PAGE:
September 14, 2010 / 2:23 PM / 9 years ago

Vine talk: Obscure grape varieties set to go global

(Robert Whitley is the publisher and managing editor of the wine website Wine Review Online and the host of an online radio show "Whitley on Wine." The opinions expressed are his own)

By Robert Whitley

NEW YORK (Reuters Life!) - California winemaker Randall Grahm often calls them his “lovable orphans,” or a similar term of endearment. He is speaking of the obscure grape varieties of the world that are his passion.

The wines of Bonny Doon have long been a road map of sorts for curious wine enthusiasts, crafted as they often are from grapes no one ever heard of outside of the old country — mostly the south of France, Italy, and remote regions of Spain.

This is where indigenous grapes stand against the tide of the so-called “international” grape varieties - Cabernet Sauvignon, Merlot, Chardonnay, Pinot Noir and Sauvignon Blanc - that seem to be crowding the landscape with each passing vintage.

Every once in a while a wine made from indigenous grapes goes global. Witness the popularity of Albarino from Spain’s Rias Baixas, a white wine that was virtually unknown 20 years ago.

More recently Austrian Gruner Veltliner and Argentine Malbec have produced a global following. There is a common thread throughout: affordability, accessibility and quality. The best wines made from those grapes grown in those places are simply delicious.

These once-obscure gems are no longer secrets. It’s now time for the curious to move on, for the world of wine is chock full of other hidden treasures. Just to name a few:

Blanquette or Cremant de Limoux are sparkling wines from an area of the Languedoc around the Abbey of Saint-Hilaire, where legend holds that the method for producing sparkling wine was formulated by the monks, who shared their secret with Dom Perignon as he made the pilgrimage from the Abbey of Hautvillers in France’s Champagne region to Santiago de Compostela in northwestern Spain.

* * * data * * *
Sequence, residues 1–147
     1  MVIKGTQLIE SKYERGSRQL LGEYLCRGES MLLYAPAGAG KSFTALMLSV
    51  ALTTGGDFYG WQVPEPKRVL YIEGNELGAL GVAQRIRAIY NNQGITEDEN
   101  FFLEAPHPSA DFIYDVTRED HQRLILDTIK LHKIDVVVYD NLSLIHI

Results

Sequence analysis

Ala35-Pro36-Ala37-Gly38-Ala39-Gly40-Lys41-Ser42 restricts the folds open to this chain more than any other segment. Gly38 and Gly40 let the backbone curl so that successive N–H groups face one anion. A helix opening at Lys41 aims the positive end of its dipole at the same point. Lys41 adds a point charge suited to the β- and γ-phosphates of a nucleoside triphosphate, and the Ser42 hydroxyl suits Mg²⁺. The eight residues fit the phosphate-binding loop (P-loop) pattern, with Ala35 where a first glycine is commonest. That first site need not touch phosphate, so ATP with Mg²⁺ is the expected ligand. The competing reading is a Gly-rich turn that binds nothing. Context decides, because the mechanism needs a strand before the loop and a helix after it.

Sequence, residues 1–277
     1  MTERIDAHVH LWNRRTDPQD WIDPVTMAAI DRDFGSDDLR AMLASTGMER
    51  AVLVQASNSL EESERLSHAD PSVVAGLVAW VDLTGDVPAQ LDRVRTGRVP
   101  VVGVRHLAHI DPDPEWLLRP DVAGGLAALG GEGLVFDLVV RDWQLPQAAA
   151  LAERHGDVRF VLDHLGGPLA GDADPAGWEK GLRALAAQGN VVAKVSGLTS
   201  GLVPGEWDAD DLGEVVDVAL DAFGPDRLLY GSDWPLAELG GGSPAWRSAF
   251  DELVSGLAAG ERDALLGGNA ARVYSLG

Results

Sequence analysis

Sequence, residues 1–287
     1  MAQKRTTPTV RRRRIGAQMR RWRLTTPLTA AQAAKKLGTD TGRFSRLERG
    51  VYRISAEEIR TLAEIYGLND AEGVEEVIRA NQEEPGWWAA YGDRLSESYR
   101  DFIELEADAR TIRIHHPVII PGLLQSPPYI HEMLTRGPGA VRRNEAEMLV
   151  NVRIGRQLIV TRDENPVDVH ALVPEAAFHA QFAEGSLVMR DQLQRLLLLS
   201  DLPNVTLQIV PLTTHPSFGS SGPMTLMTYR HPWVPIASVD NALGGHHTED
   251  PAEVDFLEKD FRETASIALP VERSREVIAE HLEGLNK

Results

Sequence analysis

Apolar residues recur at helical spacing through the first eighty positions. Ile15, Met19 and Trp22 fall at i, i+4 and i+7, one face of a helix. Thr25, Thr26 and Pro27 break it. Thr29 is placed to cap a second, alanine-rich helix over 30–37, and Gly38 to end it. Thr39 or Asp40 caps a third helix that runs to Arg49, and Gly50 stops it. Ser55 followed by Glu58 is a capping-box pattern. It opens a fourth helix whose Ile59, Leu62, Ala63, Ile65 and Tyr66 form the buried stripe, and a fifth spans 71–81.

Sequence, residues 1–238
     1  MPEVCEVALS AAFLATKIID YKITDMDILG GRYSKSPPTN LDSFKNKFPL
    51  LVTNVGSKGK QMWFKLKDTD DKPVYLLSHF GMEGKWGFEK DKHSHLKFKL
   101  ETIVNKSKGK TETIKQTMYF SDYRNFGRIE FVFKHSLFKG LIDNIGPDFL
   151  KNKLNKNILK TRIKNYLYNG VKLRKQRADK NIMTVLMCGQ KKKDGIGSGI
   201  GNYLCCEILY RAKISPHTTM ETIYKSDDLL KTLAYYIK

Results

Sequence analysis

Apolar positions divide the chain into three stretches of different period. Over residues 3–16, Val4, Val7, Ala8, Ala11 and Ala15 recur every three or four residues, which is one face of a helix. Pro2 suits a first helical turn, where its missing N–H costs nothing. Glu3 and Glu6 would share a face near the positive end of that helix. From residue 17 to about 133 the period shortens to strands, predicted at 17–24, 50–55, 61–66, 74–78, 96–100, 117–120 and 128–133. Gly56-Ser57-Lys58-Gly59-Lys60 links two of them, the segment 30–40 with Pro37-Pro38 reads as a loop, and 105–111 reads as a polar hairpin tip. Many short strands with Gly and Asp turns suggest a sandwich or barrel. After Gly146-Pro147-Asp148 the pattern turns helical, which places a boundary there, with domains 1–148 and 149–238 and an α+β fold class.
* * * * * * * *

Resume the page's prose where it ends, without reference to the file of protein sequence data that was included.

These are wonderful yet inexpensive bubblies. What distinguishes Blanquette from Cremant is the selection of grapes. Blanquette is made mostly from the Mauzac grape; Cremant from Chenin Blanc and Chardonnay.

Falanghina is a white wine from Campania, in southern Italy near Naples. It has long been considered inferior to the star white wines of the region - Greco di Tufo and Fiano di Avellino - and, as a result, is far less expensive. The affordability factor has drawn attention to Falanghina and its virtues, which include an uncommonly intense minerality.

Falanghina also exhibits floral notes, nuances of yellow and red citrus and, sometimes, toasted almond. As the assessment of Falanghina is revised upward, expect prices to rise as well. Still, very good to excellent Falanghina can be found in the $15 range.

Jumilla is a red wine from the rugged Spanish province of Murcia, near the town of Yecla in the southeast corner of Spain. The wine industry of this region enjoyed a renaissance throughout the 1990s, after a bout with phylloxera, a vine pest, necessitated replanting most of the vineyards.

The primary grape is Monastrell, which is called either Mataro or Mourvedre in other parts of the world. The high elevation of the otherwise hot wine-growing region provides a nurturing environment for the Monastrell grape and enables it to retain acidity and freshness. The wines of Jumilla are bold and full-bodied, but with a modicum of elegance. And they’re generally dirt cheap (less than $20) given the quality.

Negroamaro is a red wine made exclusively in southern Italy, mostly around Salento in the region of Puglia. Negroamaro makes a rustic, sometimes tannic wine that is often blended with Malvasia Nera, Sangiovese or Montepulciano. Its name is derived from the color of the grape (negra) and a slightly bitter (amaro) aftertaste. This earthy wine exhibits red and black fruit flavors when young, and develops aromas of leather and forest floor as it evolves. It generally retails for less than $20.

Picpoul de Pinet is a crisp, floral white wine produced in the Coteaux du Languedoc, near Narbonne in the south of France. It has a mineral edge and firm acidity that makes it the perfect foil for shellfish. Fruit aromas trend toward tropical and citrus, such as pineapple, grapefruit and lime. These wines never see the inside of an oak barrel, so they are fresh, clean and crisp. They rarely retail for more than $15, and around $10 is the norm.

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